The House of Commons rises for the summer this week, and I am looking forward to being back in the riding and connecting with constituents.
While in Ottawa, I was able to ask questions and debate many important topics the past few weeks, one of which was the Liberal government’s Budget 2021.
I’ve spoken before about Canada’s increasing debt, and we see this is not the only thing that’s getting more unaffordable. From housing to lumber to food to fuel, it doesn’t just seem like every-day items are getting more costly, they are.
In May, Canada’s inflation rate increased by the fastest rate in a decade. Country-wide, transportation costs were up 7.6%, shelter was up 4.2%, and clothing and footwear 3.9%, just to name a few.
I’ve heard from countless Kelowna-Lake Country residents that life is getting more expensive, and that the Liberal government doesn’t seem too concerned.
Not having a softwood lumber agreement with the U.S. since 2015 and not addressing shipping container shortages for Canada are a few factors contributing to cost increases and I brought these forth to ministers.
Despite spending more than $1 trillion in the combined 2020 and 2021 financial years, the sectors that need help the most are getting ignored in this omnibus budget.
It was disappointing to see only $500 million dedicated specifically to tourism relief. This industry has been devastated by the pandemic and will likely be one of the last to recover.
The budget also detailed how arts, entertainment, and recreation were the largest affected sectors for people losing work February 2020 compared to 2021, and yet only $450 million is allocated, spread over three years.
This is disappointing to musicians and performing artists, as well as the festival, arts, culture, and sports providers in our community.
Aerospace is another major employer in Kelowna-Lake Country.
The budget states, “in 2019 aerospace contributed more than $28 billion to Canada’s GDP,” and “directly and indirectly supported 234,500 jobs.”
It also notes that this sector is “highly dependent on purchases from airlines hit hard by the pandemic,” and “the sector is facing reduced demand and a longer path to recovery, relative to other sectors of the economy.”
Yet, there is just $250 million over three years across the entire country in the budget for this sector.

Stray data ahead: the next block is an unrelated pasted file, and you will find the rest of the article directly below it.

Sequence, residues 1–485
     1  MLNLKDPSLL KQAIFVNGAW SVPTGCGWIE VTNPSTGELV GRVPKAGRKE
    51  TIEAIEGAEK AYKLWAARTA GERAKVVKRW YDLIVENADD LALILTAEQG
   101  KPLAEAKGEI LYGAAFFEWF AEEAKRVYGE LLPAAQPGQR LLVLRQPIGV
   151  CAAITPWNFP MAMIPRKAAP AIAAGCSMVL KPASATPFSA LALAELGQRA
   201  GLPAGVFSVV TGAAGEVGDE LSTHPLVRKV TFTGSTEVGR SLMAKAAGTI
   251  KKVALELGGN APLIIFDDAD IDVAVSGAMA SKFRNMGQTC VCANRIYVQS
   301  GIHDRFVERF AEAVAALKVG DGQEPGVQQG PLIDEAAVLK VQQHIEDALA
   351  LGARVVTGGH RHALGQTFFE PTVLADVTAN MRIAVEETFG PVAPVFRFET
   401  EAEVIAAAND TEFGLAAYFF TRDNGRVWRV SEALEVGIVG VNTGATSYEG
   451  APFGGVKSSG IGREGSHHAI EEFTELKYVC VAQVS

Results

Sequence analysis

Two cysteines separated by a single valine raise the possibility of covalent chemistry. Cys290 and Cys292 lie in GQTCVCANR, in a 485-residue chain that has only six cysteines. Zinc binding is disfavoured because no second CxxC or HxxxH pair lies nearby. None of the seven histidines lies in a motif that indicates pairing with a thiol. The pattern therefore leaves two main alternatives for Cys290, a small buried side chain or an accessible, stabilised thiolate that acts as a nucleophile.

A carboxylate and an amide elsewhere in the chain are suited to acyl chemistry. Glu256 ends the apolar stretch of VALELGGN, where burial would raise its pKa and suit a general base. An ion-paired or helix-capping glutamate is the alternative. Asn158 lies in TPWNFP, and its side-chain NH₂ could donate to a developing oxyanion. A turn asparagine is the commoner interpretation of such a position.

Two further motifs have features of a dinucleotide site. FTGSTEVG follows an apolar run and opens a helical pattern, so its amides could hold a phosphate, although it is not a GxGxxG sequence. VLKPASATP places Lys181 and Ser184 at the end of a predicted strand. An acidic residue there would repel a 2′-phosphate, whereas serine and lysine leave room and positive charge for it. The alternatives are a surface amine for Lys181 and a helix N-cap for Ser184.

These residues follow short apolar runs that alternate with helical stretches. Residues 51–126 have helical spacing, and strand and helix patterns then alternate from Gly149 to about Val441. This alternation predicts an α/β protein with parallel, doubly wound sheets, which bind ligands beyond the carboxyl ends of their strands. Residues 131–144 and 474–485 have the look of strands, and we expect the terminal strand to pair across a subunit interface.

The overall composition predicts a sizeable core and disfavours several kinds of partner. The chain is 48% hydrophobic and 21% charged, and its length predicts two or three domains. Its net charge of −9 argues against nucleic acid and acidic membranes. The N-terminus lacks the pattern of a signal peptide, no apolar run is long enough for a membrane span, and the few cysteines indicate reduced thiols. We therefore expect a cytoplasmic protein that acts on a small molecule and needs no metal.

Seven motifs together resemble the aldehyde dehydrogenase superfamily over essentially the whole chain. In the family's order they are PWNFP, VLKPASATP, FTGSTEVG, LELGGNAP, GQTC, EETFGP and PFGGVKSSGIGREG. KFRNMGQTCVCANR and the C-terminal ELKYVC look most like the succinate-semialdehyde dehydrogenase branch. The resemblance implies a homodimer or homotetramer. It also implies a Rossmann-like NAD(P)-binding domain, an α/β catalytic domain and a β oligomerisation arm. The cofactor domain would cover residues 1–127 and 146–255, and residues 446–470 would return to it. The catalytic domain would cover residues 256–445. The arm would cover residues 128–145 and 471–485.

These are just a few examples of this unfocused, half-a-trillion-dollar spending plan.
The sheer amount of new debt without targeting stimulus to the most affected sectors, on top of the trillion dollars we already owe, will continue to increase inflation.
No inflationary concerns have been more vigorously expressed than the monumental increase in housing costs in our community. The government’s current response to this crisis is to double down on its failed First-Time Home Buyer Incentive.
With this program, the government takes an ownership stake in your home and gets a piece of the pie if it goes up in value when you sell it.
The program was touted to help 100,000 Canadians become homeowners in three years, however, there has been little uptake and it’s estimated that it will take nearly 20 years to hit that target. The government needs to admit that this was a bad idea and move onto a plan that will work.
Recently, Conservatives put forward a common-sense plan in the House of Commons with concrete actions to address this issue.
This plan would combat money laundering and foreign money pouring into the real estate market and calls for real measures to increase rental housing units and supply.
Experts are saying that the government has ignored calls to action and the cost of housing will jump another 13% this year, putting first-time home ownership further out of reach for many in our community.
We will continue to hold the government to account to address this.
If you need any assistance with federal programs or have any thoughts to share, please feel free to reach out any time.
This article is written by or on behalf of an outsourced columnist and does not necessarily reflect the views of Castanet.